Betrayal is inevitable and certain for any leader. What is uncertain, however is our response to it. I have learned that not facing wounds of betrayal from abandonment or abuse causes me to build up walls of defenses for self protection. The result over time is that I become self focused. OK, we are all narcissistic-the only question is to what degree.
Here are four early warning signs of becoming narcissisitic that I have noticed in my own life and leadership:
1. Lack of humility. When I have derailed or plateaued, failure to learn was almost always a factor. It is a danger to think my past success would be enough to succeed in my new leadership position. When I arrived and already “knew it all” or was “the expert”, pride had already taken deep root. Lack of humility manifests itself in two learning disabilities identified by Watkins (2003):
- Action imperative. This is a learning disability whose primary symptom is a compulsive need to take action and prove oneself. Times when I suffer from this malady I am habitually anxious and too busy to devote time to relationships and systematic learning.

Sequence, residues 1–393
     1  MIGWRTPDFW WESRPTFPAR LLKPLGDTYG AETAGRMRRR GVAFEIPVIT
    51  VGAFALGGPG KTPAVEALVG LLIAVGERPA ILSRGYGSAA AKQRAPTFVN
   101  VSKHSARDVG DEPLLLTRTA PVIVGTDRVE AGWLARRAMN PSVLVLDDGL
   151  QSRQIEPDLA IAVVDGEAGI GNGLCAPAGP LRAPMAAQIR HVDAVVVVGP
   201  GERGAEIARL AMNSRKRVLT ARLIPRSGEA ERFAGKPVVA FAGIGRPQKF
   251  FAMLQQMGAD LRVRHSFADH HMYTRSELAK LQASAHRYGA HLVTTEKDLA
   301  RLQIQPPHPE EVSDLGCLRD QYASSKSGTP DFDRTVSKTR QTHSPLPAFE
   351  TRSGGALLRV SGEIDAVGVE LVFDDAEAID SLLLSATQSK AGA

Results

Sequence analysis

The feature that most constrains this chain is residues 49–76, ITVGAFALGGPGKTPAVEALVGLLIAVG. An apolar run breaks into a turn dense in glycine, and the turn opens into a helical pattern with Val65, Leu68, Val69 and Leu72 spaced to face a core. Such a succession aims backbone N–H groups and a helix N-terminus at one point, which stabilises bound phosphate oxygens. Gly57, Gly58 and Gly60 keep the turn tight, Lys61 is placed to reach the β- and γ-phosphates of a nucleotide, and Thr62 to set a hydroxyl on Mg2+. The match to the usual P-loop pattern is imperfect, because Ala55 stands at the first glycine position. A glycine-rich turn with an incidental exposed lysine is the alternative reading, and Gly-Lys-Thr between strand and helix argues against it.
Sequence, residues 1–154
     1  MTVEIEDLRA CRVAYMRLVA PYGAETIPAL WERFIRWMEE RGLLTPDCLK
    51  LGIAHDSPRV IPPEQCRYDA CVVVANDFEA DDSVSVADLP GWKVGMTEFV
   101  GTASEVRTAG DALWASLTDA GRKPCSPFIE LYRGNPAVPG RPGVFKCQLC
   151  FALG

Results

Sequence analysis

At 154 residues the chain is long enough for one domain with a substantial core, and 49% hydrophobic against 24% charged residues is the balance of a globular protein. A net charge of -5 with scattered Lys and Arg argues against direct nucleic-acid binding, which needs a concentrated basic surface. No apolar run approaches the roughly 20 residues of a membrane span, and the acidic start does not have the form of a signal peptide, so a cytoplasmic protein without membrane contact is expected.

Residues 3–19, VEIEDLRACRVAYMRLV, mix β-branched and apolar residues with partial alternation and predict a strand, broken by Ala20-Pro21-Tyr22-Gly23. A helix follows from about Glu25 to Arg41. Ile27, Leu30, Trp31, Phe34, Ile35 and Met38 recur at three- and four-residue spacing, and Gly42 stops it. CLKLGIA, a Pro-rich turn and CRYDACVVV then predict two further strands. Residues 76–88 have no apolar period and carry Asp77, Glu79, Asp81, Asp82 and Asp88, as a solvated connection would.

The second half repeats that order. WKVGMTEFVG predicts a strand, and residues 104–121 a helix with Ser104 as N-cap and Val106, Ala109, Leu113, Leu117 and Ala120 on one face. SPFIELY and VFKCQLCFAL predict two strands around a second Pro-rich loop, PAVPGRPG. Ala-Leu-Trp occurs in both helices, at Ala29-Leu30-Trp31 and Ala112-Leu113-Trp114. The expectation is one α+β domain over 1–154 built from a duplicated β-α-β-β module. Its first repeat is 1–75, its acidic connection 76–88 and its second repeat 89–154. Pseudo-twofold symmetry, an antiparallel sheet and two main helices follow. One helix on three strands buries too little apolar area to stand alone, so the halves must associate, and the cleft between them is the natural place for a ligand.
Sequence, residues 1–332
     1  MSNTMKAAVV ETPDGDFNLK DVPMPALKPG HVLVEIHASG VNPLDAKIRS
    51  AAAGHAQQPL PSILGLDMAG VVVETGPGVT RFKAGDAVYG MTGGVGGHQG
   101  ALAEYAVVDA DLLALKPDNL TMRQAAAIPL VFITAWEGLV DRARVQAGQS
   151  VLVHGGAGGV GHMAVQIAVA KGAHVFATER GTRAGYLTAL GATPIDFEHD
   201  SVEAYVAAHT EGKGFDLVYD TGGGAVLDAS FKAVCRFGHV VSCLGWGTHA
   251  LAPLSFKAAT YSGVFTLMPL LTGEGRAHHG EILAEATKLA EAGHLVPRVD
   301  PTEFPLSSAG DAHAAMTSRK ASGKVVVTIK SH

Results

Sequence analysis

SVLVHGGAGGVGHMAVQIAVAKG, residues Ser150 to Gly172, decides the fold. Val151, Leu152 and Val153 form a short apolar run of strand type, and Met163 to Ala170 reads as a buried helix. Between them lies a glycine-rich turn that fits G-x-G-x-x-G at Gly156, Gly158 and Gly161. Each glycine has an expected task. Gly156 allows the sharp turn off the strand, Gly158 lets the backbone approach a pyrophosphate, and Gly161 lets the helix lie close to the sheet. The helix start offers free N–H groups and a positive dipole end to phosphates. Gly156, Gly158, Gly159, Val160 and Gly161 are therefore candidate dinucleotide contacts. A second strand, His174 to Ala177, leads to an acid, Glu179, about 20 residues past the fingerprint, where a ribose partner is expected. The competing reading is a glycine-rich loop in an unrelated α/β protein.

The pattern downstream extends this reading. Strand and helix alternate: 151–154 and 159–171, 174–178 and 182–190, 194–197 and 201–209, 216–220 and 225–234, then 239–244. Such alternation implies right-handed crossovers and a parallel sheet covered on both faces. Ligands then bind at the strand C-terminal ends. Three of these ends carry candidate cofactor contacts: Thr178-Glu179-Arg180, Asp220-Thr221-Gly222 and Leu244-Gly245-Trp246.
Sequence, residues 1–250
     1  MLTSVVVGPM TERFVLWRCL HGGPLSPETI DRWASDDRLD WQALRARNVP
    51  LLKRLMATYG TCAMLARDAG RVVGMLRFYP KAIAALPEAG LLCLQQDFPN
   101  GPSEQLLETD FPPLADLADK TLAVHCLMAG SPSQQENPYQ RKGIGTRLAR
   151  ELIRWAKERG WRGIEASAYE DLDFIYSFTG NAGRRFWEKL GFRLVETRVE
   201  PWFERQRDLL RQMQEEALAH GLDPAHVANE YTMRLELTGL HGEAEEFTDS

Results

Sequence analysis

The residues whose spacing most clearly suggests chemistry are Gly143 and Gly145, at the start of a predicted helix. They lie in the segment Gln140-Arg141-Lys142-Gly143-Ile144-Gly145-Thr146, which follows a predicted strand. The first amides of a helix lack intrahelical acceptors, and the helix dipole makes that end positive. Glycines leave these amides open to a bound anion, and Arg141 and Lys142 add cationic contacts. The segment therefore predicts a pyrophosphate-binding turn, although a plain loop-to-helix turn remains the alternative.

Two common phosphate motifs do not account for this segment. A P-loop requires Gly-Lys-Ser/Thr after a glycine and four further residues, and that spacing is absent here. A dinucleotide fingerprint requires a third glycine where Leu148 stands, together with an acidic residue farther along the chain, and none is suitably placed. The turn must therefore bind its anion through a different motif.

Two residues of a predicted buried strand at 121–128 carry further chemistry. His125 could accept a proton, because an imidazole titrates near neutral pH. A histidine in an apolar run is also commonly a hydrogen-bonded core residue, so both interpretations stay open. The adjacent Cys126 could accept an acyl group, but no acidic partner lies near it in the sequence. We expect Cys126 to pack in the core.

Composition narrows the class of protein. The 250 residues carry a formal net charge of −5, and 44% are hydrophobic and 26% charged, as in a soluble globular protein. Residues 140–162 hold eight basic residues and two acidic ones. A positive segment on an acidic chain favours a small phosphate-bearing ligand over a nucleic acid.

- Arriving with “the answer”. Perhaps most destructive of all learning disabilities, I arrived with my mind made up about how to solve and fix problems in people and in the organization. #fail
2. Lack of curiosity. Lack of humility is often followed by lack of curiosity. When I think I already know it all, my curiosity and hunger to learn are curbed. I lack interest in engaging and listening to the perspective of others. I may have learned about the people and the organization, but I failed to learn with or from others, especially direct reports.
3. Lack of honor. All people have inherent dignity because they are created in the image of God. Each has unique and distinct gifts, abilities and talents. I fail to honor others when I value them only for what they produce for me or what they contribute to the organization’s strategic plan and mission.
4. Lack of love. In the end, a narcissistic leader fails to love and care for others. After betrayal, abandonment and criticism, it is a temptation to care only for myself. It was safer to become emotionally detached in order to avoid harmful effects of being vulnerable to criticism and the desires of others. However, leadership is all about relationship. As Strauch (2006) points out with his explanation of Divine Math:
What other warning signs would you add?
Next blog: How to avoid becoming a self-absorbed, narcissistic leader. What tips or practices do you suggest?
Allender, D. (2006). Leading with a limp: Turning your struggles into strengths. Colorado Springs, CO: Waterbrook Press.
Strauch, A. (2006). A Christian leader’s guide to leading with love. Littleton, CO: Lewis and Roth Publishers
Watkins, D. (2003). The first 90 days: Critical success strategies for new leaders at all levels. Boston: Harvard Business School Publishing.